by Forrest Brandt
In May of 2017, I was driving around various WWi Battlegrounds in Belgium and France. Paschendale, the Somme, and the Marne were all clearly marked by a string of road signs that made them easy to locate. It was while traveling back from the battlefield of where was Vimy Ridge and the monument to the Canadian troops who fought there that I spotted a small road sign. I remembered enough of my high school French to pick out “Des Fraternisations” and deduce that this was marking the way to one of the several spots where British, French and German troops called their own armistice for Christmas of 1914.
These troops had been fighting since August and the trenches of each side stretched in one continuous line from the Ostende, Belgium in the west to the Swiss border in the east. The forces had suffered close to 3 million casualties and 400,000 dead in the five months of fighting. Propaganda on both sides painted the opponents as evil monsters, out to ruin civilization. Despite the sophistication of the weapons – rifled artillery, machine guns, rapid fire rifles, mines, and mortars – the fighting had often been at close quarters. There was no love to be lost between the two camps and between battles each side made life miserable for the other with artillery duels, raids, and snipers.
But something stirred within the troops of both sides as Christmas neared. While the high-ranking officers planned future battles, the enlisted soldiers, the non-commissioned officers, and junior officers who made up the front lines began to see the humanity in their enemy. The troops – not the commanders, not the politicians, not the diplomats – spent the week of Christmas communicating across no-mans-land. Out of this came a truce of sorts, a live-and-let-live attitude in which the troops allowed each side time to gather their dead and wounded. This expanded to visits between the trenches, exchanging and sharing of rations, wine, beer, and tobacco. At nights, the sides took turns singing Christmas carols. In some areas, soccer games broke out. A peace movement began to take form among the men on both sides as they questioned the causes and the purpose for the war.
Word began to reach the headquarters. Commanders on both sides became alarmed. Orders went out forbidding further “fraternisations” with the enemy. Units were ordered to attack and in a few cases artillery was ordered to fire into the meeting grounds, forcing the troops of both sides to retreat to their trenches. Investigations began to identify the leaders and organizers of the peace movement, followed by courts martial trials and punishments.
The common men, summoned to fight, suffer, and die, went on with their peace movement throughout the war. Both sides would see mutinies and rebellions before the war ended. Some Christmas truces came about in 1915, but by 1916 the level of fighting and the demonization of the “other” had become so intense that such truces became a rarity.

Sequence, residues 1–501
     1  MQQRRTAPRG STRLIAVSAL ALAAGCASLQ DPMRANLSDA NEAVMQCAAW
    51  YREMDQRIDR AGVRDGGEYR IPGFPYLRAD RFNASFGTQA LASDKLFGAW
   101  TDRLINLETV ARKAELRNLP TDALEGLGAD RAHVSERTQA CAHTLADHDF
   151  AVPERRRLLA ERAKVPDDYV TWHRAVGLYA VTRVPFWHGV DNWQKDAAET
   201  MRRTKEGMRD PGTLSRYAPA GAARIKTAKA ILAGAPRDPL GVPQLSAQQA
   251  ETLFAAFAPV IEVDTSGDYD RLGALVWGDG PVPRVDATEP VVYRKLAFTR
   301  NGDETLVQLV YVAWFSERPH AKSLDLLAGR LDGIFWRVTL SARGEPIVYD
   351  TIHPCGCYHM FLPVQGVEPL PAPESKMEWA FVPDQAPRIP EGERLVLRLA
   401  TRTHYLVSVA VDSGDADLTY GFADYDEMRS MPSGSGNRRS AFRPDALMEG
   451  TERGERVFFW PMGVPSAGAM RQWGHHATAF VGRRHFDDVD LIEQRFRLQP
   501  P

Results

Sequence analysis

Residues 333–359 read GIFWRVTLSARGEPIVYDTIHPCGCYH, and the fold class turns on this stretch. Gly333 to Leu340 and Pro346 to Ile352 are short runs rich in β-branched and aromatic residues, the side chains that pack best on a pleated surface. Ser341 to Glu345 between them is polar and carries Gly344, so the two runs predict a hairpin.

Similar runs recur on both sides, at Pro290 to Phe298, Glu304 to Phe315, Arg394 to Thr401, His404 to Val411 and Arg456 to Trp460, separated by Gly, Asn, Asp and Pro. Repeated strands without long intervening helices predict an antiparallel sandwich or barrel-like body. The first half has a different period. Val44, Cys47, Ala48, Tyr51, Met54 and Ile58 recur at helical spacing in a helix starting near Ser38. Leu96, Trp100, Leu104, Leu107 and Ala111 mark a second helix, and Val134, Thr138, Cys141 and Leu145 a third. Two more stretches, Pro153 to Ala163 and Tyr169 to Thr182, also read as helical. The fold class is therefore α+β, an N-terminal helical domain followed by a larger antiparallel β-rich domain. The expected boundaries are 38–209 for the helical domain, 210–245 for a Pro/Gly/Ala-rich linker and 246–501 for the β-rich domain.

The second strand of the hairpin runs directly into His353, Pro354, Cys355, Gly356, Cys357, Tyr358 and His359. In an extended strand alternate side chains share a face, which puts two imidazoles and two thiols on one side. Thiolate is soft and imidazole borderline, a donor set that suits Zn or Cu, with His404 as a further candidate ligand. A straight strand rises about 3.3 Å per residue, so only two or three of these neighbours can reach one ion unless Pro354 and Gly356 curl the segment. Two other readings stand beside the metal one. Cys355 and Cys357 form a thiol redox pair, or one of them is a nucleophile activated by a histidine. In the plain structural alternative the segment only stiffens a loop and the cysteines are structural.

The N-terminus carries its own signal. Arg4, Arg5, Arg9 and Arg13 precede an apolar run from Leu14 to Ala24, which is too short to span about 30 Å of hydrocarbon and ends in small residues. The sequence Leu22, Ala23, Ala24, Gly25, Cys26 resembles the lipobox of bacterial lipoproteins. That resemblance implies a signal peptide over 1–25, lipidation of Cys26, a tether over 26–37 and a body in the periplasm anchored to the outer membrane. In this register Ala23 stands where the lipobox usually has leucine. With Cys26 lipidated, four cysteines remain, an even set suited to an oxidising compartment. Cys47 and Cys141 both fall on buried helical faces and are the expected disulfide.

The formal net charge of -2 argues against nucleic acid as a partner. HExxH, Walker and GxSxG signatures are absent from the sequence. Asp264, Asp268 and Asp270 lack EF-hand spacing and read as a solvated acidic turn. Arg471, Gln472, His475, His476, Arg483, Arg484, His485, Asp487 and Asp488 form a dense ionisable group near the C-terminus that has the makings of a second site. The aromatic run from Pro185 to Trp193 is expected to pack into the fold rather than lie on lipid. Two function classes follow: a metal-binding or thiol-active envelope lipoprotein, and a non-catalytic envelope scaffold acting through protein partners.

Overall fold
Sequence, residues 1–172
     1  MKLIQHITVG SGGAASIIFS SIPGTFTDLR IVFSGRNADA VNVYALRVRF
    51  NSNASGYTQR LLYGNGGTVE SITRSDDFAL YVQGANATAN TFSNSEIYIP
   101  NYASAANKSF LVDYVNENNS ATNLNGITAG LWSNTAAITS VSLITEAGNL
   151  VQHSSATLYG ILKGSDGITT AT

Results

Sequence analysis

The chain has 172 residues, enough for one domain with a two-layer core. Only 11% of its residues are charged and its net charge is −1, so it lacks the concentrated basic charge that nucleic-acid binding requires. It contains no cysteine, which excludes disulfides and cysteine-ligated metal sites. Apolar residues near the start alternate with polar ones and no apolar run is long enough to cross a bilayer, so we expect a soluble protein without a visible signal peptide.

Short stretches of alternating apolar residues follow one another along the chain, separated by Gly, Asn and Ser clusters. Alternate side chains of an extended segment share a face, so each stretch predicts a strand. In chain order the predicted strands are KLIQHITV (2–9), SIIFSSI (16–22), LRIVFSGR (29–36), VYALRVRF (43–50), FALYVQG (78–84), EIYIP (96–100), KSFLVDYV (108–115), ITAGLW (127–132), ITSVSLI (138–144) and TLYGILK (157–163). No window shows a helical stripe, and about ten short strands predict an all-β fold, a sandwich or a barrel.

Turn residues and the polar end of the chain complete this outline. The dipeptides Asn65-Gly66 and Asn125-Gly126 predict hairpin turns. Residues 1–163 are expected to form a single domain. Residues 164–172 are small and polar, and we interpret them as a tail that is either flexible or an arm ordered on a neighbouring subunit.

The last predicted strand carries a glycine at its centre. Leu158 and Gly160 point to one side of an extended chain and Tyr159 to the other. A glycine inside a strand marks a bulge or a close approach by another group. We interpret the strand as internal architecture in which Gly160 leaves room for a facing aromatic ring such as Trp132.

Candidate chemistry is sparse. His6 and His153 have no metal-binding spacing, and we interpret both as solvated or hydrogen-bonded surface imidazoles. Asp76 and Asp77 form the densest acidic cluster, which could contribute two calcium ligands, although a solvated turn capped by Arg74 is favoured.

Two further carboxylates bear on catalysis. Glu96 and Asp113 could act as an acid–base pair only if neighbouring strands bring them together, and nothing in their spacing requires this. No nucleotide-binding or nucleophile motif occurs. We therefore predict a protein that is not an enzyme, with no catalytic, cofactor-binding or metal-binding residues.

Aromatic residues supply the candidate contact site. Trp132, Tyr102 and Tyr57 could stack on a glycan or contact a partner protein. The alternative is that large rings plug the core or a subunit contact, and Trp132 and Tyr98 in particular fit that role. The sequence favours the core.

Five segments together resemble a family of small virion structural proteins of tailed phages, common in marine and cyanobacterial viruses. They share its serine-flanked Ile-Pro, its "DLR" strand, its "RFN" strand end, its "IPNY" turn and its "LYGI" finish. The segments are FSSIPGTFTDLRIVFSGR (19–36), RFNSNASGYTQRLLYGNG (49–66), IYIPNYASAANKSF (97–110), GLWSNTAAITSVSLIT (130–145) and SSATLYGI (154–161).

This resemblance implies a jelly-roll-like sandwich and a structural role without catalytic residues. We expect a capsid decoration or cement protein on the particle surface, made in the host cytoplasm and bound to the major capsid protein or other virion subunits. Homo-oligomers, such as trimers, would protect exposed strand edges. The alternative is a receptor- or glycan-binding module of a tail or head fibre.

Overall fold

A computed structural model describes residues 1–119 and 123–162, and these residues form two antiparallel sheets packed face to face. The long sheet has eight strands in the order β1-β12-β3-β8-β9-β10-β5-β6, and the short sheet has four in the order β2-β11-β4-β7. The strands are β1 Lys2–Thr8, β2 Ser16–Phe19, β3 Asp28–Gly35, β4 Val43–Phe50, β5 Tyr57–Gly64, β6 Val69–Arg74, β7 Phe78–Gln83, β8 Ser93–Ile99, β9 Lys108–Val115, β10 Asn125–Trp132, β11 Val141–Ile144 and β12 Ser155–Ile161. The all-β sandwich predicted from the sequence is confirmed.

I mentioned that the sign I spotted was small. It was not on a major highway, more like a two-lane road between farms and small towns and villages. Unlike the signs guiding tourists to the major memorials and battlefields, it was written in French only. The 12-kilometer drive quickly tuned into 16 as the road forked left and right and no additional signs pointed me in the right direction. I finally flagged a postman and a funny conversation involving my few French verbs and nouns, his equal understanding of English, and lots of hand gestures ensued. He made me a crude map and I eventually reached my target.
The memorial was anything but grand. It had been created and dedicated in 2014, one hundred years after the truce took place. Less than fifty yards away was a large French military cemetery, probably containing the graves of many of the men who celebrated Christmas here. As I drove back to my hotel, I thought about the differences between the battlefield at Vimy Ridge and its magnificent memorial and Des Fraternisations. I considered how well the route was marked, the effort put into recreating the trenches, the modern museum and information program and compared it with afterthought shown at Des Fraternisations. Someone, actually lots of someones, wanted me to see Vimy Ridge, to sense that something important, something honorable, had taken place there. Those same someones didn’t really care if I found the tribute to Christmas and peace. It’s lack of majesty was supposed to tell me that this was something minor, a quirk in the history of World War I, nothing which should make me think of this as sacred and worthy of ceremony.
Photographs from in and around a monument to the WWII “Christmas Truce of 1914” in northern France.